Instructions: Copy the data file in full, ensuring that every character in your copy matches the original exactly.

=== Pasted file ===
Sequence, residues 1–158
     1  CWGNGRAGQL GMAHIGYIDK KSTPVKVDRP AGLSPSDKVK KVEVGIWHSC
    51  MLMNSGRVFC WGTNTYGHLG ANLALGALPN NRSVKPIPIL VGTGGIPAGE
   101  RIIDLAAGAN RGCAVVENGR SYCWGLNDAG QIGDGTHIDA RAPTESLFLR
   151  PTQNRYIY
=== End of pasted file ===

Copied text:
Sequence, residues 1–158
     1  CWGNGRAGQL GMAHIGYIDK KSTPVKVDRP AGLSPSDKVK KVEVGIWHSC
    51  MLMNSGRVFC WGTNTYGHLG ANLALGALPN NRSVKPIPIL VGTGGIPAGE
   101  RIIDLAAGAN RGCAVVENGR SYCWGLNDAG QIGDGTHIDA RAPTESLFLR
   151  PTQNRYIY